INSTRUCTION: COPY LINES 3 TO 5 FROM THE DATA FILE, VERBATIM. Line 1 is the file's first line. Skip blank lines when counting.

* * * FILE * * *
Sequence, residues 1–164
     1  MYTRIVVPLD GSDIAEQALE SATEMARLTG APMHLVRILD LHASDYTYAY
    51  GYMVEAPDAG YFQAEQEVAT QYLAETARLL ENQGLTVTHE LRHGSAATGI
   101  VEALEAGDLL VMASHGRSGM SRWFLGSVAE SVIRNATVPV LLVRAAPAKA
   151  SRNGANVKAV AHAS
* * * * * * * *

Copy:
    51  GYMVEAPDAG YFQAEQEVAT QYLAETARLL ENQGLTVTHE LRHGSAATGI
   101  VEALEAGDLL VMASHGRSGM SRWFLGSVAE SVIRNATVPV LLVRAAPAKA
   151  SRNGANVKAV AHAS